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Volume 31 , Issue 2
Spring 2017

Page 113


Editorial: Multiple Chronic Conditions on the Increase

Christian Stohler


DOI: 10.11607/ofph.2017.2.e

Recently, I came across the US Centers for Disease Control and Prevention publication Preventing Chronic Disease: Public Health Research, Practice, and Policy. I was struck by the great variation in applicable indicators and the range of key components mandated for the diagnostic assignment of what constitutes a chronic condition.

Duration with respect to the persistence of a chronic condition ranges from > 3 months or > 1 year to permanent. Some definitions acknowledge that the condition could not only fluctuate in severity over the course of the disease, but also be slowly progressive or not amenable to cure. The majority of definitions state that functional impairments are key, while others stress the need for ongoing medical care.

To advance understanding and to identify avenues for intervention to impact population health, the Office of the Assistant Secretary for Health, US Department of Health and Human Services selected 20 chronic conditions by diagnostic criteria or their respective International Classification of Diseases, Ninth Revision, Clinical Modification (ICD-9-CM) codes, including hypertension, congestive heart failure, coronary artery/ischemic heart disease, cardiac arrhythmias, hyperlipidemia, stroke, arthritis, asthma, autism, chronic kidney disease, chronic obstructive pulmonary disease, dementia, depression, diabetes, hepatitis, HIV, osteoporosis, schizophrenia, and substance abuse disorders.

The National Health Interview Survey in the US that was conducted over 10 years (cdc.gov/nchs/nhis/index.htm) addressed 10 of the originally selected 20 chronic conditions and, with exception of the study year 2001, arthritis was comprised of arthritis, rheumatoid arthritis, gout, lupus, and fibromyalgia. The gathered data generated a measure of the distribution of multiple chronic conditions based on whether adults had been told by a doctor or their health professional that they had any of the 10 conditions included in the survey.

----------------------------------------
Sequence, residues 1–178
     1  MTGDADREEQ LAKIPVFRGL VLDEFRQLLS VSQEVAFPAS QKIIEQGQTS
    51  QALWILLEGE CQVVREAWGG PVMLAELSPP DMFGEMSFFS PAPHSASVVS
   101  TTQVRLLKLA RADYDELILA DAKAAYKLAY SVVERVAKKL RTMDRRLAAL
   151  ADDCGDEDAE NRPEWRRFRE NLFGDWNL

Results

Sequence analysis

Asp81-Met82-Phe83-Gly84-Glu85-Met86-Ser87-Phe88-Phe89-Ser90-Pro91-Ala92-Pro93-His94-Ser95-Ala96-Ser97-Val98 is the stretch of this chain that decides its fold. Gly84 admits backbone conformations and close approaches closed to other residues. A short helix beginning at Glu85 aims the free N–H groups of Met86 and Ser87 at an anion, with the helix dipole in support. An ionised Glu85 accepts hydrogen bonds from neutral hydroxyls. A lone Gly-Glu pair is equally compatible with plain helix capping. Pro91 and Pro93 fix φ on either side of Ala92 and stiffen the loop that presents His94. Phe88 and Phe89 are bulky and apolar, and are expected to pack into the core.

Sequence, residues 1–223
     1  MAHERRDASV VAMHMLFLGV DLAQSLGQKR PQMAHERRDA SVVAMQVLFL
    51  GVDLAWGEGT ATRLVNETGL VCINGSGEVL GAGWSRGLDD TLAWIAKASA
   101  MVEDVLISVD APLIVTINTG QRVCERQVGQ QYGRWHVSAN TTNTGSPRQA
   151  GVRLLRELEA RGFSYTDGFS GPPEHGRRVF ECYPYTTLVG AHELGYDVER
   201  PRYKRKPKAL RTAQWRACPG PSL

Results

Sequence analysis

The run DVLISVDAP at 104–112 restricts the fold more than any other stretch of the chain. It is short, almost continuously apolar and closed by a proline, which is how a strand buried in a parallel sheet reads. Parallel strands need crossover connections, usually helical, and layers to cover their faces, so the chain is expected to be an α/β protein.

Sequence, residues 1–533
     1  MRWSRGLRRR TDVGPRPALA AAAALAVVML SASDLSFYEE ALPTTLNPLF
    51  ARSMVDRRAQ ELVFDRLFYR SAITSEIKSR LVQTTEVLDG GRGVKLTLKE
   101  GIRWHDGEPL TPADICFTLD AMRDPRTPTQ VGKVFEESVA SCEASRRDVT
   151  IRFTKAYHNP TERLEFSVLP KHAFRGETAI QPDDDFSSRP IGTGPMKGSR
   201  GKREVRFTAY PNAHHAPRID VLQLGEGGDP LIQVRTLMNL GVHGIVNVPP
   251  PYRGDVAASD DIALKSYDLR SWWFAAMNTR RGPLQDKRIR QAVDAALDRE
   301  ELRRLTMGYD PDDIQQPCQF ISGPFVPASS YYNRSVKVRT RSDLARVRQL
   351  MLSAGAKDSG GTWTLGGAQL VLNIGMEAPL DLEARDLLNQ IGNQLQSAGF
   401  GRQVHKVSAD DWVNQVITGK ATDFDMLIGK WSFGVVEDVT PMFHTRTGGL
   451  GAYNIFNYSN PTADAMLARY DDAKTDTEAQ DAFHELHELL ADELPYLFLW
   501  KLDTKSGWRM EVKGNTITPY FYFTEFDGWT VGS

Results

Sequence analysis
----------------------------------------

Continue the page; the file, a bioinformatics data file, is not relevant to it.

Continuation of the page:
The 10-year survey revealed a statistically significant increase over time among US adults for the prevalence of 2 to 3, and 4 or more, chronic conditions being either present overall or in both men and women separately. The fact that one-fifth of US adults are affected by 2 to 3 conditions and about one-twentieth by 4 or more cannot be dismissed. For men aged 18 to 44 years of age, the prevalence for 2 to 3 chronic conditions being present was 6.3% (95% confidence interval [CI] 5.57–7.11) while for women it was 8.0% (95% CI 7.26–8.91). The high prevalence of chronic conditions has bearing on the group of diseases and disorders addressed by the Journal of Oral & Facial Pain and Headache both in terms of disease phenomenology and etiopathogenesis, as the presence of persistent health conditions must influence mechanistic processes that affect vulnerability to or resiliency against health conditions of interest. Furthermore, defining disease within a limited topographic domain and by a narrow set of diagnostic criteria without acknowledging the potential effects of persistent coexisting health conditions that are often stressful to the patient may in all likelihood result in omitting critical detail of individual significance. HIV treatments and progress with immunotherapies and “cell-cycle blockers” in the treatment of cancer increase the range of health conditions that fit the current diagnostic label of a chronic condition to include HIV and possibly cancer. Deeper understanding of the biologic mechanisms that underlie the persistence of disease, as well as insights into the vulnerability mediated by coexisting disease, now established as being highly prevalent in society at large, are needed. The question remains: What makes a health condition “chronic”?

Christian Stohler

Associate Editor


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